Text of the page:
While Israelis were celebrating Independence Day last week, the United Nations Educational Scientific and Cultural Organization (UNESCO) passed another resolution which denies the Jewish state has sovereignty over the whole of Jerusalem, in fact referring to Israel as the “occupying power” of the city.
The resolution asserts that “all legislative and administrative measures and actions taken by Israel, the occupying power, which have altered or purport to alter the character and status of the Holy City of Jerusalem, and in particular the ‘basic law’ on Jerusalem, are null and void and must be rescinded forthwith.”
Prime Minister Benjamin Netanyahu said Israel would deduct $1 million from the fees it sends to the United Nations after the passage of the “delusional” and “absurd” resolution.
“Israel will not sit by while the organization calls for the denial of our sovereignty in Jerusalem,” he said.
In addition to other criticisms, and continually referring to Israel as the “occupying power” the resolution also says that UNESCO “regrets the failure of the Israeli occupying authorities to cease the persistent excavations, tunneling, works and projects in East Jerusalem, particularly in and around the Old City of Jerusalem, which are illegal under international law.”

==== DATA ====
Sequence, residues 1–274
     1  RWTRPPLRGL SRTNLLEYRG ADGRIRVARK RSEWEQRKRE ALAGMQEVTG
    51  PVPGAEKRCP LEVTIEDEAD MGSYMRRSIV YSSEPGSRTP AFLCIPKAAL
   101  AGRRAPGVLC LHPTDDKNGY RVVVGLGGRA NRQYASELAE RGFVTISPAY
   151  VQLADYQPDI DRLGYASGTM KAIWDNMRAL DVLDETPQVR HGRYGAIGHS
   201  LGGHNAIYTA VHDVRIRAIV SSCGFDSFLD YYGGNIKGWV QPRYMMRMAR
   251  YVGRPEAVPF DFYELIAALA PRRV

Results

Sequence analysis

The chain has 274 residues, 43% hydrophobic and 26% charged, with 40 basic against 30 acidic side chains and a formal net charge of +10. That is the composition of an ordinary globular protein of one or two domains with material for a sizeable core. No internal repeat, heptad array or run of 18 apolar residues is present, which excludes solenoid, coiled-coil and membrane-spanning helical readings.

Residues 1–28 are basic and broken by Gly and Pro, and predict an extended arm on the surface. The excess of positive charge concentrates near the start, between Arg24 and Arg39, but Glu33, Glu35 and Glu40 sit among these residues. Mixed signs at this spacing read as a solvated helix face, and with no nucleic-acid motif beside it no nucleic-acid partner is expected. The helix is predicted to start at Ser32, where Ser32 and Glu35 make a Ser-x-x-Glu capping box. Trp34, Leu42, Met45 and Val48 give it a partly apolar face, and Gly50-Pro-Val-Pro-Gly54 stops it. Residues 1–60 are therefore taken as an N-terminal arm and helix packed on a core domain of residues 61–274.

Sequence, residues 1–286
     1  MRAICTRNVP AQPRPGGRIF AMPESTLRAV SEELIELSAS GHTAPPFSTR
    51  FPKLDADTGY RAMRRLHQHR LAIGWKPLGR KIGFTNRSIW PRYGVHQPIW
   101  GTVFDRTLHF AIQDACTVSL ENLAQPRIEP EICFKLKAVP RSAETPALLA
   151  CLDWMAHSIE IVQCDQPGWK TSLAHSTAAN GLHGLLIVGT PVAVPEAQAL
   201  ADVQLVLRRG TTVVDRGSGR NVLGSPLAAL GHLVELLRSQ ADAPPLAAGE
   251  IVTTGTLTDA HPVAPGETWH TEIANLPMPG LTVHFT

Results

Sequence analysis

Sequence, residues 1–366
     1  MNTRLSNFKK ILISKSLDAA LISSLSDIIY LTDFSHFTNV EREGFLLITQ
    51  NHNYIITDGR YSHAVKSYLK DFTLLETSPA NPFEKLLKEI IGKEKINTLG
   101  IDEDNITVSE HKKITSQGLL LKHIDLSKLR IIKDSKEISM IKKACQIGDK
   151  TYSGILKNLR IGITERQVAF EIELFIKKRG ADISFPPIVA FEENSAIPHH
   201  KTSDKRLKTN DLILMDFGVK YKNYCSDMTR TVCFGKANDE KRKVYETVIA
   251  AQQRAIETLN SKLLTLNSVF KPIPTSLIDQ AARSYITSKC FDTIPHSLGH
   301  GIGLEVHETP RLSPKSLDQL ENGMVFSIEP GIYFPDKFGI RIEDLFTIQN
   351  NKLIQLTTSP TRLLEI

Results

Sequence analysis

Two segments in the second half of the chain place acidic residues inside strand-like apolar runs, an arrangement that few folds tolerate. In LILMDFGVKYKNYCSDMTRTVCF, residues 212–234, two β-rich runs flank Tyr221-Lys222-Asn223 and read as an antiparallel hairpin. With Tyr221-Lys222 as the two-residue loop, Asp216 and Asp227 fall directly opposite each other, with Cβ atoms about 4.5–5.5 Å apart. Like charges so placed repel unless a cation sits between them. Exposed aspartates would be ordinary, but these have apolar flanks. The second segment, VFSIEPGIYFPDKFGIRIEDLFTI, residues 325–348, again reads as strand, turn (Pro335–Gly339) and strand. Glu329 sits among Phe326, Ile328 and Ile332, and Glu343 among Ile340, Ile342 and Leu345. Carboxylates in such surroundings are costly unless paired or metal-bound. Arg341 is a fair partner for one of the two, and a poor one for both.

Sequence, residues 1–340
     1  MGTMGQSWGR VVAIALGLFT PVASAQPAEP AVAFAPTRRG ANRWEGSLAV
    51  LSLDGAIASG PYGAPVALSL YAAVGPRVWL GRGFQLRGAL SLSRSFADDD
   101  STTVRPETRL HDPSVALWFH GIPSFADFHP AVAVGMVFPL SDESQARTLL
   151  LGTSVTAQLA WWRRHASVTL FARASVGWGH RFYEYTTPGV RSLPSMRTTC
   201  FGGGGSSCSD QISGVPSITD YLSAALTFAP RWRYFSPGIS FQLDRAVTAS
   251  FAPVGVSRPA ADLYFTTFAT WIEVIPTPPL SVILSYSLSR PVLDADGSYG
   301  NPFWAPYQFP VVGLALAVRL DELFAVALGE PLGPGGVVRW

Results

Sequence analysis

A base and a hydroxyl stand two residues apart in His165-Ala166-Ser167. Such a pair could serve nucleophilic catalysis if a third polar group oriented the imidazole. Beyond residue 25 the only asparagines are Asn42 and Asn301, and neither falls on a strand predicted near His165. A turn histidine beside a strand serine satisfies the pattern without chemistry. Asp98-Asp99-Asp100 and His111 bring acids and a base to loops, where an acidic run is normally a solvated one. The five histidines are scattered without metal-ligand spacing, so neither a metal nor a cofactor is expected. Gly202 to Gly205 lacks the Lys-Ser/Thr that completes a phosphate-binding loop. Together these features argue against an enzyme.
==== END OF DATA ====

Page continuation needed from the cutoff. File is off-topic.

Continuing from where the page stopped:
The resolution was submitted by Algeria, Egypt, Lebanon, Morocco, Oman, Qatar, and Sudan. It passed with 22 states voting in favor, 10 against, 23 abstentions and three absentees.
The countries that voted against the resolution were the United States, Italy, the United Kingdom, the Netherlands, Lithuania, Greece, Germany, Paraguay, Togo and Ukraine. Sweden was the only European nation to vote in favor of it.
Although the Palestinian leadership claimed victory, the number of countries voting in favor this time is significantly less than the 33 countries which approved last year’s UNESCO resolution denying Israel’s claim to the Temple Mount.
“Such absurd and historically baseless resolutions undermine UNESCO’s mission of safeguarding humanity’s cultural heritage,” Israel’s Deputy Foreign Minister Tzipi Hotolevy told the media on the eve of the vote. “We, as Israelis, don’t need UNESCO’s approval of our history in our land.”